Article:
You must choose seal materials that are chemically compatible with all the fluids that might be passing through the equipment, and that includes any cleaners or solvents that might flush through the lines.
This is especially critical with the choice of elastomer (O-ring). The metal parts and face combination are usually compatible with most cleaners and solvents.
The next step is to place your chemical into the proper sealing categories. Keep in mind that most chemicals fall into several sealing categories at the same time.
After you have placed your fluid in the proper sealing categories, selecting the correct environmental control comes next. If the equipment is going to operate 24/7, without shutdown, you have a simple sealing problem.
But if you are on batch or intermittent service, or if a standby pump is run occasionally, then an environmental control will become critical. You need to know about the three most important environmental controls:
Control the temperature in the stuffing box area
You can raise the temperature, lower it or keep it within certain limits that will be dictated by the seal design and product characteristics. Temperature control is most important when the pump is shut down and the pumping fluid either cools down or heats up because of ambient temperature.
Control the pressure in the stuffing box area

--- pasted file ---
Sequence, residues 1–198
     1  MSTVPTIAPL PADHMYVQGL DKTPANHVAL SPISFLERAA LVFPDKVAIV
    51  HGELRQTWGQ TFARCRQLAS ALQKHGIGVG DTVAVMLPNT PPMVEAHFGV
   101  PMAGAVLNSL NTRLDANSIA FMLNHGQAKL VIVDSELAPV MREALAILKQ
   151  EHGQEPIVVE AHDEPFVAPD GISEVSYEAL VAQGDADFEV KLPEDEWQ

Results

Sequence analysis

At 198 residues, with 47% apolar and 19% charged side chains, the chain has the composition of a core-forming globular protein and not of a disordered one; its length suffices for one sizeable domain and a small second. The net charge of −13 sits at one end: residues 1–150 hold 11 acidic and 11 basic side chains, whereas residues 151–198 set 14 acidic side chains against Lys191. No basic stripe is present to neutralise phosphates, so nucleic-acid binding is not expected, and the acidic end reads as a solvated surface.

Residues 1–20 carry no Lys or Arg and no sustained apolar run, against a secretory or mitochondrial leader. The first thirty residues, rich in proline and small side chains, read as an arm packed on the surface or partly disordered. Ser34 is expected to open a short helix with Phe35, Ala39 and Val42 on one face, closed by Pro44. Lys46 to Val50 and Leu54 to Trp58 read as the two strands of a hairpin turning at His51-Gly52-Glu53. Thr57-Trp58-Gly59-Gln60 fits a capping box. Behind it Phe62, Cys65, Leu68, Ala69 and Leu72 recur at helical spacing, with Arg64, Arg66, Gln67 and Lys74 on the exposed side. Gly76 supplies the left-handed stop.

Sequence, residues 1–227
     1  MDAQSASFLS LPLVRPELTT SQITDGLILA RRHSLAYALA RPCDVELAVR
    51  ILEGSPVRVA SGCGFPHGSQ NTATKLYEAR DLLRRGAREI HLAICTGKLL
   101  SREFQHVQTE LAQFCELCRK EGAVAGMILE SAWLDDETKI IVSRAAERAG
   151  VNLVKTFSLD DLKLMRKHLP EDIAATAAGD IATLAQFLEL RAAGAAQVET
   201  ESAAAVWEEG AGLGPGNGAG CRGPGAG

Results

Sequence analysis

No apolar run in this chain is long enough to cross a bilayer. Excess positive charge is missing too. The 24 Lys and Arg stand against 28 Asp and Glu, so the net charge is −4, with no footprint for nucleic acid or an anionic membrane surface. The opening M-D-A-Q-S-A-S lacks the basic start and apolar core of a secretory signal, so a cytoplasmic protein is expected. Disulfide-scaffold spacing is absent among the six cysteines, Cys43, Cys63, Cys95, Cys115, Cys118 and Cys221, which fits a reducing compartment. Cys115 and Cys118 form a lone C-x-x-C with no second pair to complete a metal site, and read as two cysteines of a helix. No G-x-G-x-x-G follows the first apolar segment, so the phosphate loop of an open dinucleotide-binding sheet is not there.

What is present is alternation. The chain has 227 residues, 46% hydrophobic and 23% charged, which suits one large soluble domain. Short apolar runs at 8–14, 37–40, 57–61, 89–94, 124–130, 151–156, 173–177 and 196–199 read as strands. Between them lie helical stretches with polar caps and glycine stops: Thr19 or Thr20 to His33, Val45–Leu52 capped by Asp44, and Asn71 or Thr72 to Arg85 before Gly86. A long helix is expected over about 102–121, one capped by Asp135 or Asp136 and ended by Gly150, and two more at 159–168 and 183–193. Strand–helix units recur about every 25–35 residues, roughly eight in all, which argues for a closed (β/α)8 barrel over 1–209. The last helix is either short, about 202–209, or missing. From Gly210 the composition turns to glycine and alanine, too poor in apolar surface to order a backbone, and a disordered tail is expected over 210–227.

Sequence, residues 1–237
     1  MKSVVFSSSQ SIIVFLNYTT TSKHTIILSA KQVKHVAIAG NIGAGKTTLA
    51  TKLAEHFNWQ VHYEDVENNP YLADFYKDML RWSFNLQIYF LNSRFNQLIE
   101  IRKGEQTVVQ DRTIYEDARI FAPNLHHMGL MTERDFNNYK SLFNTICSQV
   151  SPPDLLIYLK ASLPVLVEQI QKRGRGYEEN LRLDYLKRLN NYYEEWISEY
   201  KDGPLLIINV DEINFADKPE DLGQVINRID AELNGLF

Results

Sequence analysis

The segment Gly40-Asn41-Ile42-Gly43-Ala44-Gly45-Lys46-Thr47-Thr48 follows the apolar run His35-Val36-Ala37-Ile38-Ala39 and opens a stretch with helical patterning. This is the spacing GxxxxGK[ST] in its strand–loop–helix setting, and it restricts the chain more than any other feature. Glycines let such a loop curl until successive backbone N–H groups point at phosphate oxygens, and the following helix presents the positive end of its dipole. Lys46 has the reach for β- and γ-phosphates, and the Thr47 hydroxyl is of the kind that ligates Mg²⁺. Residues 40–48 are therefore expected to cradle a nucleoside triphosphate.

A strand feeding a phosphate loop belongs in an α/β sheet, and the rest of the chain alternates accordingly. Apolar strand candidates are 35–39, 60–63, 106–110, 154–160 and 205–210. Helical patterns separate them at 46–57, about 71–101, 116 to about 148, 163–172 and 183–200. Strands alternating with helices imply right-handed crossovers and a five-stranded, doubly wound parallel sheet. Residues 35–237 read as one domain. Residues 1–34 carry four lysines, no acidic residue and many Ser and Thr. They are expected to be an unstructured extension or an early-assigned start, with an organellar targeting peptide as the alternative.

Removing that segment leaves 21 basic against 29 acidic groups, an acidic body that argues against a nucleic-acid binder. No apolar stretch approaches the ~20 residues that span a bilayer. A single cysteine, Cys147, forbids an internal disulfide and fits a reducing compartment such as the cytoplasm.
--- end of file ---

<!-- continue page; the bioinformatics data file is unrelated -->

There are many occasions where you will want to control stuffing box pressure to stop a fluid from vaporising, flashing or evaporating. We seldom have to lower stuffing box pressure, but if it is too high for a conventional balanced seal you will be better off going to a special high pressure design.
Cleaning up the product in the stuffing box
Clean products are easier to seal. Flushing is only one of your options, there are more.
Any of these environmental controls will work better if you have installed an oversized stuffing box on your pump. The seal needs lots of radial room to allow centrifugal force to throw solids away from the lapped seal faces and to lessen the generation of heat in the stuffing box.
Heat is a major cause of problems with both centrifugal pumps and mechanical seals. Anything you do that will help to remove heat from the stuffing box will add to the life of your seal and pump bearings.
If you have done all of the above, all that remains is to install the seal correctly, adjust the pump impeller (if it is an open, or semi-open design) and hook up the environmental control you chose to keep the seal functioning.
With a little luck, you should now get good seal life in fact, with a few modifications, your seals might never run out.